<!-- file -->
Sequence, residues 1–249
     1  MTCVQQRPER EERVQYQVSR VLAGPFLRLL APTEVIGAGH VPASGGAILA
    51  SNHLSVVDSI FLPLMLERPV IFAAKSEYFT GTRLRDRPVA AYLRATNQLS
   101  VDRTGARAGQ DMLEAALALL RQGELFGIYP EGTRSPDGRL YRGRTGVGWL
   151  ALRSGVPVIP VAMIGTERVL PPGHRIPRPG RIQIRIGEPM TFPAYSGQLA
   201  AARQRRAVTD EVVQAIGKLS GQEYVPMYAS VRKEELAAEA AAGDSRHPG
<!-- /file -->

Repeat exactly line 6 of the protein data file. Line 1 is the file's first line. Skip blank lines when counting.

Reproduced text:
   201  AARQRRAVTD EVVQAIGKLS GQEYVPMYAS VRKEELAAEA AAGDSRHPG